I have been in Bristol since the start of 2018 and I am amazed at the cultural scene here. Bristol has such a range of exciting things happening every week.
There’s the Bristol Festival of Ideas – an all year programme of events featuring writers, artists, historians and social commentators in conversation about topical debates. There’s Bristol Old Vic, a thriving legendary theatre which continues to put on high-calibre productions, most recently The Cherry Orchard and Natasha Marshall’s Half Breed.
Even dance and circus performances find unusual homes. In this case, The Trinity Centre and Circomedia, churches which have been repurposed for the growing arts scene in the local community.
It’s clear that a lot of investment has been put towards Bristol’s arts and culture programming, from cinema and digital creativity venues, like Watershed in the city centre, to smaller, community-led spaces, which focus on African and Caribbean arts and education, such as the Kuumba Centre in St Paul’s.
Despite not being in Bristol for long, I’ve had the chance to see the phenomenal Black Men Walking by Testament at the Arnolfini, The Cherry Orchard and Half Breed at Bristol Old Vic, and enjoyed consistent programming of films featuring queer, trans and diasporic stories at Watershed, such as Sebastián Lelio’s A Fantastic Woman and John Trengrove’s The Wound.
There is an exhilarating programme of events to wrap up May as well as lots to look forward to in June: Frederick Douglass – An Abolitionist Returns to Bristol closes the month with an all-day celebration of abolitionist Frederick Douglass’ 200th birthday, featuring Young Vic Artistic Director Kwame Kwei-Armah, Bristol City Poet Vanessa Kisuule and Bristol Mayor Marvin Rees. June opens with the stage premiere of A Monster Calls, the international bestselling novel by Patrick Ness, at Bristol Old Vic, and Bristol’s poetry scene is going to be a-buzz with BlahBlahBlah’s Big Weekend, featuring Salena Godden, and Raise the Bar, which will be headlined by legendary rapper and activist Lowkey.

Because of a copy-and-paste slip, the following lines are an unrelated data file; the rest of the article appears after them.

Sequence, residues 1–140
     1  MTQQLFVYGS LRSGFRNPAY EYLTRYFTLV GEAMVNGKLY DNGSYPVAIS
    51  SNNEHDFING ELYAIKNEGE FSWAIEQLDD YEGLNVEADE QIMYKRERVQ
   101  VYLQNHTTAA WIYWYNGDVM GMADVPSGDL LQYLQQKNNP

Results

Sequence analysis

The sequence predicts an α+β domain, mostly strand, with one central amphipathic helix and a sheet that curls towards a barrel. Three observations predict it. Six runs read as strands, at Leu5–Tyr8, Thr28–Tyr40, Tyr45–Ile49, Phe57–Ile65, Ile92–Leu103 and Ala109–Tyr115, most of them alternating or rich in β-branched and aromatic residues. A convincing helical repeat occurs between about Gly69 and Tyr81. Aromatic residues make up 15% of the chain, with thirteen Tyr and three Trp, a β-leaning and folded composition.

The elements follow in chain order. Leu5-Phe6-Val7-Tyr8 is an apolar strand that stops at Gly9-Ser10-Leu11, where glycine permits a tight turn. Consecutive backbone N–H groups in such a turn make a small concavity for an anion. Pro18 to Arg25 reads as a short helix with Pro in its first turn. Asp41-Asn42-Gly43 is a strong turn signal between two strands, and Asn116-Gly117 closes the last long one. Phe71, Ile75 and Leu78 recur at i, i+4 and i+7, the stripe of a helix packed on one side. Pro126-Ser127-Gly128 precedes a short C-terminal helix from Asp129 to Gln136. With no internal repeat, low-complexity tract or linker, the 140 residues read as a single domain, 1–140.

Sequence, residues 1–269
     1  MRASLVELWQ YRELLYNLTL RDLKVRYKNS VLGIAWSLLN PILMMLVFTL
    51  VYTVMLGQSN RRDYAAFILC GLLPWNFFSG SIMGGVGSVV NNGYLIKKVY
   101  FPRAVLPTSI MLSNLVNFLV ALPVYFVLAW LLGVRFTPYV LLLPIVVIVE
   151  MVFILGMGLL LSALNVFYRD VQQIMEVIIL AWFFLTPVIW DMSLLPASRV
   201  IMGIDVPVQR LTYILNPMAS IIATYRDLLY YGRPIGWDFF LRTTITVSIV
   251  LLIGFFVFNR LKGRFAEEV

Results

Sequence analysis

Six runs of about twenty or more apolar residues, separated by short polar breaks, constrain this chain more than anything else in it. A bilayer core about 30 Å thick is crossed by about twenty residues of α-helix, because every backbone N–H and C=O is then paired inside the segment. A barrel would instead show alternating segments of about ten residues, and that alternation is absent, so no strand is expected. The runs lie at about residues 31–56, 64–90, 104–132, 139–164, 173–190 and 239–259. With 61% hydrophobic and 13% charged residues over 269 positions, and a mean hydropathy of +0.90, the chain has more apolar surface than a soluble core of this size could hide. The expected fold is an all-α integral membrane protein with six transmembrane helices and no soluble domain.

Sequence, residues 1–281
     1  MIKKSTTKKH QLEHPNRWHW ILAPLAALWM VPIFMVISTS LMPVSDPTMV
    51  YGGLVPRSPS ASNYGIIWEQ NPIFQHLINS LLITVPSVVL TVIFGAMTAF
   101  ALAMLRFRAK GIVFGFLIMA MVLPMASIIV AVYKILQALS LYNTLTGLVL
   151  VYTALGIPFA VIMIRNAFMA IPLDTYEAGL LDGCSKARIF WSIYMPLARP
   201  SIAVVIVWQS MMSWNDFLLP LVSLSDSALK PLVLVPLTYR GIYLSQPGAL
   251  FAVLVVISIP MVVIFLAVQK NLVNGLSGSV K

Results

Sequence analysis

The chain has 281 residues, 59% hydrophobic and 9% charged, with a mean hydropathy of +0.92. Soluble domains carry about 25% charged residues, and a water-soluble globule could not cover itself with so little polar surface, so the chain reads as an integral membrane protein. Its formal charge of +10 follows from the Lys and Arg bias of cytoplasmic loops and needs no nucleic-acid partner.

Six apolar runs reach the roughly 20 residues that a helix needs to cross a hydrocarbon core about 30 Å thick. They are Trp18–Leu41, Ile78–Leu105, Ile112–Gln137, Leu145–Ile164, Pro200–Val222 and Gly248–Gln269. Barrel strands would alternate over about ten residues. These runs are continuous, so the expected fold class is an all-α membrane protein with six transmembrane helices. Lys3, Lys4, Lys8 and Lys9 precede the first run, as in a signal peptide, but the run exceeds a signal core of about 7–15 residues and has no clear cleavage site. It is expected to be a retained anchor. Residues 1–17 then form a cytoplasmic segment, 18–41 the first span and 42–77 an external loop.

Bristol may not be London – renowned for so much happening on both sides of the river it can seem like you’re seriously missing out – but that’s a good thing. This city has its own pace and plenty to engage with and in, across the arts.
I’ve been fortunate to meet with many creatives who I can’t wait to feature on Words of Colour’s upcoming podcast series. It’s still early days, but we’ve already connected with Bristol Old Vic, England’s oldest-standing theatre, and Burning Eye Books, an ambitious publisher of performance poetry with acclaimed poets Deanna Rodger, Salena Godden and Malaika Kegode on their roster.
It’s been enjoyable getting to know Bristol these past few months, and while it’s been good to see what’s on, I’m confident of filling a much-needed space for Words of Colour to curate events to bring artists and audiences of colour together – whether they are based in Bristol or not.